Kentucky Resolution (penned by Jefferson): That the several states composing the United States of America are not united on the principle of unlimited submission to their general government; but that, by compact, under the style and title of a Constitution for the United States, and of amendments thereto, they constituted a general government for special purposes, delegated to that government certain definite powers, reserving, each state to itself, the residuary mass of right to their own self-government; and that whensoever the general government assumes undelegated powers, its acts are unauthoritative, void, and of no force; that to this compact each state acceded as a state, and is an integral party, its co-States forming, as to itself, the other party; that this government, created by this compact, was not made the exclusive or final judge of the extent of the powers delegated to itself, since that would have made its discretion, and not the Constitution, the measure of its powers; but that, as in all other cases of compact among powers having no common judge, each party has an equal right to judge for itself, as well of infractions as of the mode and measure of redress.

We see from Jefferson's words that the states did not assume a position of unlimited subservience to the federal government, and that acts of the federal government that go beyond the enumerated powers are null and void.

Virginia Resolution (penned by Madison): That the Constitution of the United States, having delegated to Congress a power to punish treason, counterfeiting the securities and current coin of the United States, piracies, and felonies committed on the high seas, and offenses against the law of nations, and no other crimes, whatsoever; and it being true as a general principle, and one of the amendments to the Constitution having also declared, that "the powers not delegated to the United States by the Constitution, not prohibited by it to the States, are reserved to the States respectively, or to the people," therefore the act of Congress, passed on the 14th day of July, 1798, and intitled "An Act in addition to the act intitled An Act for the punishment of certain crimes against the United States," as also the act passed by them on the -- day of June, 1798, intitled "An Act to punish frauds committed on the bank of the United States," (and all their other acts which assume to create, define, or punish crimes, other than those so enumerated in the Constitution,) are altogether void, and of no force.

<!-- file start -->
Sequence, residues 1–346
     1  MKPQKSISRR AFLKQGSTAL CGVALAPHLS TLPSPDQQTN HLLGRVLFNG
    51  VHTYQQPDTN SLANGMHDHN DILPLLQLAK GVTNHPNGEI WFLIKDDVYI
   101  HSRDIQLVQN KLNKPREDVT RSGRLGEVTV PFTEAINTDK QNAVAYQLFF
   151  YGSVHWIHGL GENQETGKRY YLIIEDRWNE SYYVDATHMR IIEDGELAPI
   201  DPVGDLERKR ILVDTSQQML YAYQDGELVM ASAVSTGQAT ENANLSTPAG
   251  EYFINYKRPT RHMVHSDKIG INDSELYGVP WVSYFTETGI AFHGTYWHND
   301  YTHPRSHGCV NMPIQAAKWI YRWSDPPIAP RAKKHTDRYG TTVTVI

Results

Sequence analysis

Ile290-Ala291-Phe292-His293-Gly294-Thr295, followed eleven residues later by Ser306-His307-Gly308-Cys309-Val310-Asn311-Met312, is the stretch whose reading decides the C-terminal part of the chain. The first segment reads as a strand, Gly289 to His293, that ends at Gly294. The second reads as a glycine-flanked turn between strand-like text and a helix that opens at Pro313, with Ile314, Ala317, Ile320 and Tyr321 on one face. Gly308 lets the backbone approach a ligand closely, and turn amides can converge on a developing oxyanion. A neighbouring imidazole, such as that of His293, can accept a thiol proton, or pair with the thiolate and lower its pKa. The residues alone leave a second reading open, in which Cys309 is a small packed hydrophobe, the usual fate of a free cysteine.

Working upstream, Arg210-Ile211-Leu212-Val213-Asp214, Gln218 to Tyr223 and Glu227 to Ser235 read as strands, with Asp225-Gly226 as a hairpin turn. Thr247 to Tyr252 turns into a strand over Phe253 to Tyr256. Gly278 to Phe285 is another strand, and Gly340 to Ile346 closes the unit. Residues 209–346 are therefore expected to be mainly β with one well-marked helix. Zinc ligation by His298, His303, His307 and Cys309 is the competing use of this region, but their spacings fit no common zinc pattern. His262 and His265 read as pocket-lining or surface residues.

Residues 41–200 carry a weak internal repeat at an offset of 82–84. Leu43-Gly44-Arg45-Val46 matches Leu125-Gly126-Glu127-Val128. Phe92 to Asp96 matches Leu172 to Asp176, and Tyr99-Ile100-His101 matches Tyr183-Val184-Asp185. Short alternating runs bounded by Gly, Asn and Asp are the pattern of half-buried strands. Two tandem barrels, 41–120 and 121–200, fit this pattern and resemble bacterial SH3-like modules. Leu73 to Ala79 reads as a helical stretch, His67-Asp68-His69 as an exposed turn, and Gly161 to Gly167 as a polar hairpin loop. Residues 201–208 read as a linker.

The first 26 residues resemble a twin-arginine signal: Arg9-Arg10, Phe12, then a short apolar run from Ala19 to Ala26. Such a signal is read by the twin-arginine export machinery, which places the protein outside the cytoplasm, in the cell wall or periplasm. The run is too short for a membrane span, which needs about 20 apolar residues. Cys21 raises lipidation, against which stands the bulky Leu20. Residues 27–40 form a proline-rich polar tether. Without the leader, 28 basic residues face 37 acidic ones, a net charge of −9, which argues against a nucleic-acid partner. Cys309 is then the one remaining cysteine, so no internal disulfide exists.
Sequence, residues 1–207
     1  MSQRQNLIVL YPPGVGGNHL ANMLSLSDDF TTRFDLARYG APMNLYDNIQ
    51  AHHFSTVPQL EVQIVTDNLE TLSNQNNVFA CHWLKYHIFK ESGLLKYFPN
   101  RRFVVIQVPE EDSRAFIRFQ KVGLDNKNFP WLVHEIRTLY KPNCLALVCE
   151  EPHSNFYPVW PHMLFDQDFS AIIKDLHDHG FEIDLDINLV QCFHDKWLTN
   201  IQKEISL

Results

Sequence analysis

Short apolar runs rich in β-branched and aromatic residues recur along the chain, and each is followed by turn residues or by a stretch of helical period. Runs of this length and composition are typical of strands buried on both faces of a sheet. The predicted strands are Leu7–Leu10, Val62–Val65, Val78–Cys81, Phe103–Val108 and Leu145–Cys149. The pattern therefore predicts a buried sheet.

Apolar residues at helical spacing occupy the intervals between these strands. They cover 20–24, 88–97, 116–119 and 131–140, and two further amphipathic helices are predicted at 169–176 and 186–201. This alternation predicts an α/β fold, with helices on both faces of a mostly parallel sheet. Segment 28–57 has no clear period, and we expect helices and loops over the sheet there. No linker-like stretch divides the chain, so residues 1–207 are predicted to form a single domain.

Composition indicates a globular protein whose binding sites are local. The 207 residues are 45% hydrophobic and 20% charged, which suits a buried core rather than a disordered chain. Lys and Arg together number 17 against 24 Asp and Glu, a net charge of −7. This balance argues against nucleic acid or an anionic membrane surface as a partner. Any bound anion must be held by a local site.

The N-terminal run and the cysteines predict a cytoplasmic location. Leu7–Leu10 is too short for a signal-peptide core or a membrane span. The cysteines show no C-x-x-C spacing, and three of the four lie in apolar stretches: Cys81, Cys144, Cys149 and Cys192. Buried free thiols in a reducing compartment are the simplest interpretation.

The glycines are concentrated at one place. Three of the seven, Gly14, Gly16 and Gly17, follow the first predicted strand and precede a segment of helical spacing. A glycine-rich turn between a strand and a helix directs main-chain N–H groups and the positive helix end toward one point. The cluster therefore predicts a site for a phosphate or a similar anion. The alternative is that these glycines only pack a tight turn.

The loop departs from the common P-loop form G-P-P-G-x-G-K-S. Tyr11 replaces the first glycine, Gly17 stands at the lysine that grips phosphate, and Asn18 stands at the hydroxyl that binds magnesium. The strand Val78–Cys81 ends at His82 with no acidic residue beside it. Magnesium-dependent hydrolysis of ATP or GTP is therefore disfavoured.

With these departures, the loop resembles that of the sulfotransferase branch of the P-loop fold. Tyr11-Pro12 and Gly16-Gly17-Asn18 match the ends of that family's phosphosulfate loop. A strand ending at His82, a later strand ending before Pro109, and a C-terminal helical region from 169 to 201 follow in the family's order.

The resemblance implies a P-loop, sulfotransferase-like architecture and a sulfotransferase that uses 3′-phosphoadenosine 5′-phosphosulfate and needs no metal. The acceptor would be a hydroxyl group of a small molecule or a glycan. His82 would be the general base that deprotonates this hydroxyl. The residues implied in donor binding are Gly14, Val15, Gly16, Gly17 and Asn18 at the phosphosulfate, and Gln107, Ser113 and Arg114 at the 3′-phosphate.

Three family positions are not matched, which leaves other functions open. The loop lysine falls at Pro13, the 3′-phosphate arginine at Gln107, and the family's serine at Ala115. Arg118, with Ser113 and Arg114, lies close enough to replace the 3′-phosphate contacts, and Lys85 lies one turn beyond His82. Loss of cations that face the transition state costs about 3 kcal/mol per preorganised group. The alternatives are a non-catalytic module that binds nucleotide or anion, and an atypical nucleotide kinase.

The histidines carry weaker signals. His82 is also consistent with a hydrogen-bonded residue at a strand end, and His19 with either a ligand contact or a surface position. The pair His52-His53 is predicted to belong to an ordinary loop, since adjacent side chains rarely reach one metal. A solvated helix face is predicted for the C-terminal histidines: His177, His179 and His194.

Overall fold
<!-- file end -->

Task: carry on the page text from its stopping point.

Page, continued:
We see from Madison's words that the federal government has authority to punish only a very limited set of crimes, also specifically citing the Tenth Amendment.

Finally, is it likely that those wise men who sat in Philadelphia during that hot summer of 1787 would have supported the document if they knew it came with the right of the Federal government to declare war on their home State if there was some disagreement, or even, in fact, if the State later decided to secede? Would the States have ratified the document if they knew that, to enforce the Union under all circumstances, the Federal government would consider as acceptable the type of devastation that was ultimately unleashed on the South - both the military and civilian devastation?

Of course, the answer to both questions is no. Yet Ingo clings to the notion that Lincoln's actions were justified. It is damnable, and it is irrational to conclude that somehow the 17th Amendment carried more weight in diminishing the voice of the States than Lincoln's war did.